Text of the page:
Whether you’re a home buyer or a real estate investor who’s just getting started, it’s important to understand the differences between a short sale and a REO. The timeframe and process for buying a REO and buying a short sale property do differ, so it’s vital that buyers understand these key differences. The differences between a REO and short sale is exactly what Kristine Zelazo, the Short Sale Gal, will explore in today’s article.
What are REO Home Sales?
A REO (Real Estate Owned) property is one that is owned by the bank or lender. The bank typically acquires the home as the result of a foreclosure.
In the case of REO home sales, the property not usually occupied by a current resident, so this is an important consideration, as these bank owned homes tend to be targeted by thieves, vandals and even squatters. Some homes may fall into disrepair or suffer from issues due to being vacant for an extended period of time. In other cases, a former homeowner may intentionally damage the property prior to leaving.
So the home must be checked thoroughly and monitored on a regular basis to ensure it remains intact and in good condition. A pre-closing inspection is extra important, as you never know when thieves, vandals or squatters could strike.
What’s the Timeframe for REO Home Sales?
The timeframe for buying a REO property is generally a bit faster than a short sale, since there’s no review process. The bank owns the home outright, so the actual sale is quite similar to a traditional sale in terms of the timeframe, although it may be a slight bit longer if the lender has a limited staff to deal with a large number of home sales at a particular point in time.
In terms of pricing, the lender has generally taken a significant loss on the property so they are generally not likely to list the home at a price that’s far below the going market value for the property. Since they’ve already taken a loss on the home, they may not be too open to negotiation.
What’s a Short Sale?
A short sale involves the sale of a home for a price that’s less than what’s owed on the homeowner’s mortgage loan(s) on the property.
A short sale is performed in the case of a distressed property whereby the homeowner can no longer afford to pay their mortgage.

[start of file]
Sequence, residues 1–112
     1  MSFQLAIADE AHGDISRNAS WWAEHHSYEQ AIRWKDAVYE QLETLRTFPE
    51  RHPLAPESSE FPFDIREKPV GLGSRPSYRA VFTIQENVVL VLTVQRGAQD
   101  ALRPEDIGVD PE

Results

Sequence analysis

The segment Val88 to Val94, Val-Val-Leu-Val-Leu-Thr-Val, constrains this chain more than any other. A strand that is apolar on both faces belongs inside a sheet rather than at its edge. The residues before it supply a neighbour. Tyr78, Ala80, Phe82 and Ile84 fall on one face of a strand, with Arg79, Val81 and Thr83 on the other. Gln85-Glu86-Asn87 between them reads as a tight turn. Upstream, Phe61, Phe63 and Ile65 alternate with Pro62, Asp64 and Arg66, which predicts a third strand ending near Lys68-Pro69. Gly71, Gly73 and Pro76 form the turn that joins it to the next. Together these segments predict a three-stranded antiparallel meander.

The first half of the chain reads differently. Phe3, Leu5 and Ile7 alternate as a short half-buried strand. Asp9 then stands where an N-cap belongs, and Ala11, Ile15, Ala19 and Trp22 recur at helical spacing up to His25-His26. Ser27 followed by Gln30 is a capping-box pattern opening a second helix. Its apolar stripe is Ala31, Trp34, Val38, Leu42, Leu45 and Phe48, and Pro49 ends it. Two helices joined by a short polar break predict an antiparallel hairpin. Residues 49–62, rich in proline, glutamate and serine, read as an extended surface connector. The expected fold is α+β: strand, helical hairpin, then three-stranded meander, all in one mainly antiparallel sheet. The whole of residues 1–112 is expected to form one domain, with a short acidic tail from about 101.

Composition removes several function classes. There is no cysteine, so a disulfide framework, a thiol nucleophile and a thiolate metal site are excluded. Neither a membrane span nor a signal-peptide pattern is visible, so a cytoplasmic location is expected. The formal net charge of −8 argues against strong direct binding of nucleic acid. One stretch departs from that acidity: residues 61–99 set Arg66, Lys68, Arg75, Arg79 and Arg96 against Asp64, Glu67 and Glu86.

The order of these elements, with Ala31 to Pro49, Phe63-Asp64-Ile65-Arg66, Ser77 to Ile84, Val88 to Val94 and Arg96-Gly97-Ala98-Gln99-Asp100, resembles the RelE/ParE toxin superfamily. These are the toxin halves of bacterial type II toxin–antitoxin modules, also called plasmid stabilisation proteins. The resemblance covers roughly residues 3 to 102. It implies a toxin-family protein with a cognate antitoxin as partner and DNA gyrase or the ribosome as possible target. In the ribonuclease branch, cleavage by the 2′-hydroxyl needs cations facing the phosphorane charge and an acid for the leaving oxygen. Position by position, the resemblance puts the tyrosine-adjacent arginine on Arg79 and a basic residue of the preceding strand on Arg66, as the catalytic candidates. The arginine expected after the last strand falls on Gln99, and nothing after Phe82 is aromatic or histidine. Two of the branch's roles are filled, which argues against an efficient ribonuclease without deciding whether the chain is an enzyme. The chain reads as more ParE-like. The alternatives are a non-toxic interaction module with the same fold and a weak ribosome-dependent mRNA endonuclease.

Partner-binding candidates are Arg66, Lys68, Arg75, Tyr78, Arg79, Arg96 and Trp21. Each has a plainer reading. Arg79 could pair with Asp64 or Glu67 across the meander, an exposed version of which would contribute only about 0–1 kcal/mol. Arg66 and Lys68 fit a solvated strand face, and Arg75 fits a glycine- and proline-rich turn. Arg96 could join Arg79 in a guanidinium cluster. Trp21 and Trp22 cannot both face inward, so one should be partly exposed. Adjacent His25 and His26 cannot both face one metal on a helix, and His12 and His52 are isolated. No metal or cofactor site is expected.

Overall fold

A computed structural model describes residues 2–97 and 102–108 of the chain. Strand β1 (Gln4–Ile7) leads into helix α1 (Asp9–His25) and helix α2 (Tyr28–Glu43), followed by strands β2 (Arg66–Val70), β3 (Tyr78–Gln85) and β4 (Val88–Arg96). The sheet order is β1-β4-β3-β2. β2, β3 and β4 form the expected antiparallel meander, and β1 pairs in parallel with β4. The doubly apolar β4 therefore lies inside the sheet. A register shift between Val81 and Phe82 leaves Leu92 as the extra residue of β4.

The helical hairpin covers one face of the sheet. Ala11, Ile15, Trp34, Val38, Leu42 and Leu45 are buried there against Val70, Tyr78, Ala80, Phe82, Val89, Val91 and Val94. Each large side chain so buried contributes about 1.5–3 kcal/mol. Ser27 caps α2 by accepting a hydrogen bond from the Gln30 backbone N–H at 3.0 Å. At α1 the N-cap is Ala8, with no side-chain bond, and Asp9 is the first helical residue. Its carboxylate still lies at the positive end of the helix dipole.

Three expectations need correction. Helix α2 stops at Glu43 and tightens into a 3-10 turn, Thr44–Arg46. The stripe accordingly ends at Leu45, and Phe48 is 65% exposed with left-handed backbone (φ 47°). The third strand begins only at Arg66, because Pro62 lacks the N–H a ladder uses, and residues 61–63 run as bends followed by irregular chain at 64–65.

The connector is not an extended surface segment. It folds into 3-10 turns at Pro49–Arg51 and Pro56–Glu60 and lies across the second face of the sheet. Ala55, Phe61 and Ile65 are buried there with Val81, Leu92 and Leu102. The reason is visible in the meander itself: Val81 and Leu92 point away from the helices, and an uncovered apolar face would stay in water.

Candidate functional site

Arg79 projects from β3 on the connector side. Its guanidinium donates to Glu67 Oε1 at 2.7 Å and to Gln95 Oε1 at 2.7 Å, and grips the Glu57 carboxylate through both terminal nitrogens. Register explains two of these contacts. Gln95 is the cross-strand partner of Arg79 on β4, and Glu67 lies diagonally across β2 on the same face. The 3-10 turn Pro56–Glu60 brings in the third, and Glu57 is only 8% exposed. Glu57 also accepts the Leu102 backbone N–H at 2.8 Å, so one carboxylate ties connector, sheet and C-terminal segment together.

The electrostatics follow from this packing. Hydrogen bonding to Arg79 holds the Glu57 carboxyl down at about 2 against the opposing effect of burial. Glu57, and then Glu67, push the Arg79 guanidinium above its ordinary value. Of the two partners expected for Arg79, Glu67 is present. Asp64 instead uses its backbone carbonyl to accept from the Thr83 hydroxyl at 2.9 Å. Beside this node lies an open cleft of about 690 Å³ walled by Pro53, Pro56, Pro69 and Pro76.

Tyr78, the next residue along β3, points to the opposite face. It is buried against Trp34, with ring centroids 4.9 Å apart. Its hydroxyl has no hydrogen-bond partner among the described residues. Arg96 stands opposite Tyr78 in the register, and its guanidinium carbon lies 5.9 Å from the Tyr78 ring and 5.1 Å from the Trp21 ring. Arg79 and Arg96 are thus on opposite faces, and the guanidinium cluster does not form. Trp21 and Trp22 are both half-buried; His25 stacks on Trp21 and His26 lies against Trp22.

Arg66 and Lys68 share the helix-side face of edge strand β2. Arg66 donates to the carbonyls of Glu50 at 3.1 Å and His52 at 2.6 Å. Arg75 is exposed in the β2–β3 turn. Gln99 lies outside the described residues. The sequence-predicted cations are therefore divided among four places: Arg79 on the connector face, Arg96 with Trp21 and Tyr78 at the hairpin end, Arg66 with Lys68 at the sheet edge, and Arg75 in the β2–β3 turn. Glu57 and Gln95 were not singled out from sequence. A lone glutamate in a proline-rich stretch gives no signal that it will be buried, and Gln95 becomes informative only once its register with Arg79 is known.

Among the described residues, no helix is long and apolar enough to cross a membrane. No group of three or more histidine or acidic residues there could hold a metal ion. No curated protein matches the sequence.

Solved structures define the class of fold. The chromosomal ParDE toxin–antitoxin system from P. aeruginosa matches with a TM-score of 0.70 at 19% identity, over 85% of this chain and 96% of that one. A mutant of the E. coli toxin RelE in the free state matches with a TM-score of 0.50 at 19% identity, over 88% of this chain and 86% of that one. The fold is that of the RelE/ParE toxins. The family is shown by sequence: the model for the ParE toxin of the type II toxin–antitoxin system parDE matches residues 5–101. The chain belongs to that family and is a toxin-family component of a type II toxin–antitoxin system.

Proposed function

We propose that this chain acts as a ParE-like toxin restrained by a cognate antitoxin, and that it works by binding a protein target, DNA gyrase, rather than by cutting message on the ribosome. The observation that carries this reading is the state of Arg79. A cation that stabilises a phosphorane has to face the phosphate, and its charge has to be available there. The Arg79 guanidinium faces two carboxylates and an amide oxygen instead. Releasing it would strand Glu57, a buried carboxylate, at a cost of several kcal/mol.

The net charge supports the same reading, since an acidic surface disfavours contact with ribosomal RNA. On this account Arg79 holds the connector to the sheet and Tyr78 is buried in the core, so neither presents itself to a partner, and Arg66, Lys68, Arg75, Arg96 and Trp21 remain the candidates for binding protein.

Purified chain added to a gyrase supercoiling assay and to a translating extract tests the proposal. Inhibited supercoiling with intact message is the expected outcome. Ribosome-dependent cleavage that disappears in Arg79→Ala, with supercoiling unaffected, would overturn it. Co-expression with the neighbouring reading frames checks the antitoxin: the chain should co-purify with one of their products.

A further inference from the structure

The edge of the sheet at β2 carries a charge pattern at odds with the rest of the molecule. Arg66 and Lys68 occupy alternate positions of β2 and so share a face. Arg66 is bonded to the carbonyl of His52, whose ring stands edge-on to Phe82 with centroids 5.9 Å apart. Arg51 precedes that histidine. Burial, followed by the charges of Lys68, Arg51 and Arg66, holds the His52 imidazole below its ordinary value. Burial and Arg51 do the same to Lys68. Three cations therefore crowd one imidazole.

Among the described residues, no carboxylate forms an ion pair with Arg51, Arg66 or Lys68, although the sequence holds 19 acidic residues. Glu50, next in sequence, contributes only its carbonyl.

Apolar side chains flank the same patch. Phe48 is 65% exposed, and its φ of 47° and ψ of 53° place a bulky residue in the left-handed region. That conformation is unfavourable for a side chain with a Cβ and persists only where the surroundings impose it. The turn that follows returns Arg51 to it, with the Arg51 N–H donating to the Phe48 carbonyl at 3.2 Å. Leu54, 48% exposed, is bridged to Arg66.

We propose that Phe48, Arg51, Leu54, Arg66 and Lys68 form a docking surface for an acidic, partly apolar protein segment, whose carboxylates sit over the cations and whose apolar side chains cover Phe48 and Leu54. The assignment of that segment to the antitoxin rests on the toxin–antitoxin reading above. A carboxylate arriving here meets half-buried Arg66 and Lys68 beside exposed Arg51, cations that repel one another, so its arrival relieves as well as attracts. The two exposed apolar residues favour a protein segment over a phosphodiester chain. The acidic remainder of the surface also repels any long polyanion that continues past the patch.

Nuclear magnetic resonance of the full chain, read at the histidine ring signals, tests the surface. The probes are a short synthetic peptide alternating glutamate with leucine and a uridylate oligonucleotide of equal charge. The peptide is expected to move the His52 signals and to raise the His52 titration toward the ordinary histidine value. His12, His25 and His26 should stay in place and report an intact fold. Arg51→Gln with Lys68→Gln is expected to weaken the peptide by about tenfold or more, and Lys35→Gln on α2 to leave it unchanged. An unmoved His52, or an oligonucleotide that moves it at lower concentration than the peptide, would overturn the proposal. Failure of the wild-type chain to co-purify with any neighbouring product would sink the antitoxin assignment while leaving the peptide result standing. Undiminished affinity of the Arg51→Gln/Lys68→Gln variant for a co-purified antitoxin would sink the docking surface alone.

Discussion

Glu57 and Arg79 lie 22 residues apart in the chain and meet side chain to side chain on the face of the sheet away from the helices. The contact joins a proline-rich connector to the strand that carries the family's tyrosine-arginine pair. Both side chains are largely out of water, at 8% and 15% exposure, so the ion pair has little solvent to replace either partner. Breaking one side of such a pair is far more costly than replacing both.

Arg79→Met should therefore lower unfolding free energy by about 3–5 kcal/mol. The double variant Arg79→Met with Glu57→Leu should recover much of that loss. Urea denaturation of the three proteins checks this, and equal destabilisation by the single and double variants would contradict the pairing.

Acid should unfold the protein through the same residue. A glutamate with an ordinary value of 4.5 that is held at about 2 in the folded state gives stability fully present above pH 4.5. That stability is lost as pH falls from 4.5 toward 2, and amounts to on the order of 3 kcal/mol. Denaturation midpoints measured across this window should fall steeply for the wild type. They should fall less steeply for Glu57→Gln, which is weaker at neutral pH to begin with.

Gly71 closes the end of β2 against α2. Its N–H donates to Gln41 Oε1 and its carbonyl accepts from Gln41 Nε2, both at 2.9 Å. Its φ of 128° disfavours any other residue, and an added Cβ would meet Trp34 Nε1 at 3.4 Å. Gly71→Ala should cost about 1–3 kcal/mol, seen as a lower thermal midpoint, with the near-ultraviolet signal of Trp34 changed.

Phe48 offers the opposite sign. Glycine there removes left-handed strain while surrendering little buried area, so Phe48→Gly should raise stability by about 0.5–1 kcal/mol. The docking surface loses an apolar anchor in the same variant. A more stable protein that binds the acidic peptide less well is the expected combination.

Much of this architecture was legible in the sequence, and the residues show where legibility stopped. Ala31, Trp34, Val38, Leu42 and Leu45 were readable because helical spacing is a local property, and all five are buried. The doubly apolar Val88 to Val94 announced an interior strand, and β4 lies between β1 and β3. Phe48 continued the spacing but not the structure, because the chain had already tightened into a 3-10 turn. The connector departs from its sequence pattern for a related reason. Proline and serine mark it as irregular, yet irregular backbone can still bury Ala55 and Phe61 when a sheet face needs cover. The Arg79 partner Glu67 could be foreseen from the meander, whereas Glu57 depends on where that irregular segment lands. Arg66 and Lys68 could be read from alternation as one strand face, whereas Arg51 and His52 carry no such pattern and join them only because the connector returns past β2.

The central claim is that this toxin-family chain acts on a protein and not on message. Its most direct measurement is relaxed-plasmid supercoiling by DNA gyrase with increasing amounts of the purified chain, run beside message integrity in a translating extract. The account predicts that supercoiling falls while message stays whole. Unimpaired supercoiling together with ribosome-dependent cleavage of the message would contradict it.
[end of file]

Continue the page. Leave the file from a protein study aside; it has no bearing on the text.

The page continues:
In the case of a short sale, the bank must approve all offers in order for the sale to move forward to closing. This offer review process can be rather time consuming, although new laws have accelerated the process significantly.
Compared to a REO where the bank has already suffered a loss on the property, short sales allow the lender to recoup a fair amount of the money owed on the property, thereby avoiding a significant loss. In fact, the bank could still turn a profit depending upon how much was paid on the mortgage and how long they held the mortgage (interest accounts for a significant portion of a mortgage loan, so it’s theoretically possible for the bank to recoup more than they lent the borrower in cases where the mortgage was held for a significant period of time.)
In addition, new legislation allows homeowners who opt for a short sale to enjoy significant tax benefits.
A short sale property is more likely to remain occupied during the sale process, which decreases the chances of third party vandalism, theft and squatting.
Trust the Short Sale Gal Kristine Zelazo for Help with REO Home Sales and Short Sales
There are a number of unique steps and processes involved in REO home sales or when going through a short sale instead of a traditional real estate transaction. You’ll have lots of advantages in this regard when you work with a short sale expert like Kristine Zelazo, better known as The Short Sale Gal — and that includes a faster sale!
If you’re seeking to sell your home as-is to an investor or wish to pursue a short sale transaction for the sale of your property, turn to Kristine Zelazo, the Short Sale Gal!
To get started, simply complete the home pre-sale form to provide Kristine with additional information on the property in question. Questions? Call 800.664.0616, x802.